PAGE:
CJtheDeuce's picture

I knew the Fresh Loafers would have the answer. I could tell the cookbook was wrong but not having much experience with this kind of dough I didn't know how much of an adjustment to make.

My very pregnant daughter is asking me to make this, kind of a pickles & peanut butter thing I guess. I'll mix this similar to the Pelmeni that FoodFacist listed. Meat pies this weekend, got to beat the DEC 27th due date.

Thanks again


thomaschacon's picture
thomaschacon (not verified)

If you watch old episodes of his TV show, measuring cups and spoons are never in sight.

Heavy Cajun accent: "Dat look like about a teaspoon, ya? Whatcu think? Mais chere, if dat not 'nuff, we just adds some mo' come later."


You probably know this already, but it's pronounced NAH-KO-DISH Meat Pies. Most go for the very funny NACHEEDOUGHCHEEOCHUS pronounciation.

CJtheDeuce's picture

PBS was great. Justin entertained as he cooked. His cookbook is in a gallon freezer bag the binding long ago fell apart from use.


thomaschacon's picture
thomaschacon (not verified)

It seems like a lot for pastry dough, but this is a savory pastry dough and uses a lot of salt.

Dough for crawfish pies, etc. use a similar amount.

There's a reason why the best cardiac surgeons can be found in Louisana. :)

Mini Oven's picture
Mini Oven

and her prego ankles will be thanking you to use less.

thomaschacon's picture
thomaschacon (not verified)

"Would you like some meat pie with your salt, dear?"


thomaschacon's picture
thomaschacon (not verified)

I retract.

Mini Oven is right about the saltz.

Just checked my recipe for crawfish pie dough, which is basically the same as for this pie, and it has ~2% salt. Still salty, but not prego ankles salty. (I'm glad I'll never know what prego ankles really are!).


FoodFascist's picture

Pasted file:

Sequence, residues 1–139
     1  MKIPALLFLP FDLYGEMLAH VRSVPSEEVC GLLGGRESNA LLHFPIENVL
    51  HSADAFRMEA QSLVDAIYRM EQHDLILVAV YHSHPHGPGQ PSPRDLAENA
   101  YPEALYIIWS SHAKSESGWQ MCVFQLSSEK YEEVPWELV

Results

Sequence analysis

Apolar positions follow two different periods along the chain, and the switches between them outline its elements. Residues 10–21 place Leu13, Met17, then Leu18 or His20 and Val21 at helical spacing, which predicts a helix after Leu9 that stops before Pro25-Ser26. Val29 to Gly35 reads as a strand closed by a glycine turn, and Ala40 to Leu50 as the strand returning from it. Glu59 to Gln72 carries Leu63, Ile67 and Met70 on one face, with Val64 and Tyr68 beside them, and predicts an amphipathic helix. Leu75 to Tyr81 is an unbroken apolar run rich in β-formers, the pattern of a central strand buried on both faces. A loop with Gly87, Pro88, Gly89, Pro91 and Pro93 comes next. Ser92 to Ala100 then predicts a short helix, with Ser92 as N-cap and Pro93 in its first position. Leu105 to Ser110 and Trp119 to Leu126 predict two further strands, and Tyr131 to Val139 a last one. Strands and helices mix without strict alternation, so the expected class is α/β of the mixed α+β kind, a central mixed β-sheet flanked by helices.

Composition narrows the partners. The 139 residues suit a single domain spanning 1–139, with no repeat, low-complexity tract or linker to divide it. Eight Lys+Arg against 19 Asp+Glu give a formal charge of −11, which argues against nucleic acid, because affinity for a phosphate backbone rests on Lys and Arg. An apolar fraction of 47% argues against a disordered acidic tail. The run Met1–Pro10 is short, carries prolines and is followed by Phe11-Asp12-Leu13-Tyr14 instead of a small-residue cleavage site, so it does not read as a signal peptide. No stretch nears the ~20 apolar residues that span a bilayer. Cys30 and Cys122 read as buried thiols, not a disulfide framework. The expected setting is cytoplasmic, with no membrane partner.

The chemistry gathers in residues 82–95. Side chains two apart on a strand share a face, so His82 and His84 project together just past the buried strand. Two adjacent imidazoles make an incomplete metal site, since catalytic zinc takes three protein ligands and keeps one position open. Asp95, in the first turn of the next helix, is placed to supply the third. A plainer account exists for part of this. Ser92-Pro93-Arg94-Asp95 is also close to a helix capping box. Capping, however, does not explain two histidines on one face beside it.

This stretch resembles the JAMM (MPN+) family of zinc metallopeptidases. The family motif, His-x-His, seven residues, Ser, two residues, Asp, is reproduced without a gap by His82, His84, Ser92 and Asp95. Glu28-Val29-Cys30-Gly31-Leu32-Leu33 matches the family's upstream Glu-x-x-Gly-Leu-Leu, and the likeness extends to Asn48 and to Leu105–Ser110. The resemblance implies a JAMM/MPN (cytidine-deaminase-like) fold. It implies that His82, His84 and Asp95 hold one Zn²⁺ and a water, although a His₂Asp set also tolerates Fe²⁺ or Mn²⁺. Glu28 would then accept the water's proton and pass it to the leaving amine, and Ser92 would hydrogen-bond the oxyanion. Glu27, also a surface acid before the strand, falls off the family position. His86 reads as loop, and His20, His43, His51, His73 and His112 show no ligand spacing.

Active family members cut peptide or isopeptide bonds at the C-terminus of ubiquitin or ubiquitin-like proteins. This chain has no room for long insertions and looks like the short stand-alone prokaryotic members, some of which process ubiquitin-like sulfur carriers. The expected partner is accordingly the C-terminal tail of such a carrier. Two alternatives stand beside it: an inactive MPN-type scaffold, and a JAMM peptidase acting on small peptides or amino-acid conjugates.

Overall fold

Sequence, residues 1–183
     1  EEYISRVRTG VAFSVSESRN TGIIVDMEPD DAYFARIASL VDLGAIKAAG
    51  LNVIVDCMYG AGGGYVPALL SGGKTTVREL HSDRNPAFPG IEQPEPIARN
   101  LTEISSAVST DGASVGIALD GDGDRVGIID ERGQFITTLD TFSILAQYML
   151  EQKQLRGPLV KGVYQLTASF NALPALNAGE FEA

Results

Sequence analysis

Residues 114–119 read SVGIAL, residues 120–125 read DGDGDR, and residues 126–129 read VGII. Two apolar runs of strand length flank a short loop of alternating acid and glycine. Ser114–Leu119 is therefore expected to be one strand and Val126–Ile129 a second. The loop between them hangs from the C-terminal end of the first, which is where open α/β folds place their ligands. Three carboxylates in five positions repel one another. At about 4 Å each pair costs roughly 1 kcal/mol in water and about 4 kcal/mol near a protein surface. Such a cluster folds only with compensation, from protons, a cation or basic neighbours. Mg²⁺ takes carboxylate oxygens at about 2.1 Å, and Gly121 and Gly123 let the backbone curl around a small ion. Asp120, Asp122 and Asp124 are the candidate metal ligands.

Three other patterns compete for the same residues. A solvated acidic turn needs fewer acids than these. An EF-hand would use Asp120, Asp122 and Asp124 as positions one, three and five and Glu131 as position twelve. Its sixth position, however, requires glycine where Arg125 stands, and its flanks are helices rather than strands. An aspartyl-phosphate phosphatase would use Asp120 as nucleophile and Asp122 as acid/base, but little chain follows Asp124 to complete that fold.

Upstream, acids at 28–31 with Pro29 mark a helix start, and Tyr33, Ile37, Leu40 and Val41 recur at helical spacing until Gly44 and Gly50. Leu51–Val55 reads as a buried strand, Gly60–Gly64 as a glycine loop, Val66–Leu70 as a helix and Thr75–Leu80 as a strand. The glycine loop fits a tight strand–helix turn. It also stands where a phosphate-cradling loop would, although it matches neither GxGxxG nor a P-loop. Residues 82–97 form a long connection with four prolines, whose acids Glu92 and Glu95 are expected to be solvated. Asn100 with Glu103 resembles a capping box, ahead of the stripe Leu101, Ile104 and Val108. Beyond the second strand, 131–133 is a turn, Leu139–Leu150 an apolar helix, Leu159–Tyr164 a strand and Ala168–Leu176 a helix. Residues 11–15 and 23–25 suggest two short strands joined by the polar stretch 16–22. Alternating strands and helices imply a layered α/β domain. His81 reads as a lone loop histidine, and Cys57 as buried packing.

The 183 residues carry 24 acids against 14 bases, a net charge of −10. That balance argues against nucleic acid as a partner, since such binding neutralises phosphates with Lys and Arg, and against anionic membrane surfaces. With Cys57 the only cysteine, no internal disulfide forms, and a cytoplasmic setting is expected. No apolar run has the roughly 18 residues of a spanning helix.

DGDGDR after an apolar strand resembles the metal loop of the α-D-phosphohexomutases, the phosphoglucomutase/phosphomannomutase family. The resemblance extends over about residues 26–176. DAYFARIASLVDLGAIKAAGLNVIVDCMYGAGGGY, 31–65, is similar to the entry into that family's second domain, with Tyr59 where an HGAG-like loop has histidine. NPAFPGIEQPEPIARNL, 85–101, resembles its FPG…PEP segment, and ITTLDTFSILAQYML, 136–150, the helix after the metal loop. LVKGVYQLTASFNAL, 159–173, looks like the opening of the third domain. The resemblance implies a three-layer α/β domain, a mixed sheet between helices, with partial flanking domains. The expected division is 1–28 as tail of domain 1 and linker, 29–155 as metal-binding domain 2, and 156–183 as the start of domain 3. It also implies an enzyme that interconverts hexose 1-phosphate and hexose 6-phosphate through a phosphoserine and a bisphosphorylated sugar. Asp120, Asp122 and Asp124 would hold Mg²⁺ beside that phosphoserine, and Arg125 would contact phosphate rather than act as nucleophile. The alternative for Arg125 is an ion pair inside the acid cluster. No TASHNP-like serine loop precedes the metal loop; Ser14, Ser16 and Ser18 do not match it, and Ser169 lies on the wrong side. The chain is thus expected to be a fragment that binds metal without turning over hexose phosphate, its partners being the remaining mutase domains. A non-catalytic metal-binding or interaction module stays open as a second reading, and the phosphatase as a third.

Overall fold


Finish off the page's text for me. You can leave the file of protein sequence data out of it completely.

you might if you ever develop heart failure... (and I sincerely hope you never will!)

PastryPaul's picture

As per

  • 3 cups flour
  • 1 1/2 teaspoons salt
  • 3/4 teaspoon baking powder
  • 6 tablespoons lard
  • 1 egg
  • 3/4 cup milk

I'd replace the lard with shortening, but that's just a personal thing. Still seems pretty salty, though. Guess you'll just have to try it and see.


EvaB's picture

in the first post is closer to biscuit dough than a dough for pies of any sort. And 2 tsp of salt is way over what my recipe calls for for a 2 cup of flour batch of biscuits, the baking powder is way under so it wouldn't raise a lot, but it would be puffy flat dough. The milk is more since my rolled biscuit recipe calls for 7/8 of a cup of milk or water and its a very soft dough, not really rollable like a pie crust or plemeni dough. With that much liquid my mother would have called them drop biscuits, and dumped the whole mess onto a pan and baked them without cutting, sort of patting them out onto the greased sheet. Then she would break or cut the baked mass into chunks and everyone would grab the size we wanted and butter hot!

I love meat pies no matter what you call them, and what you flavour them with!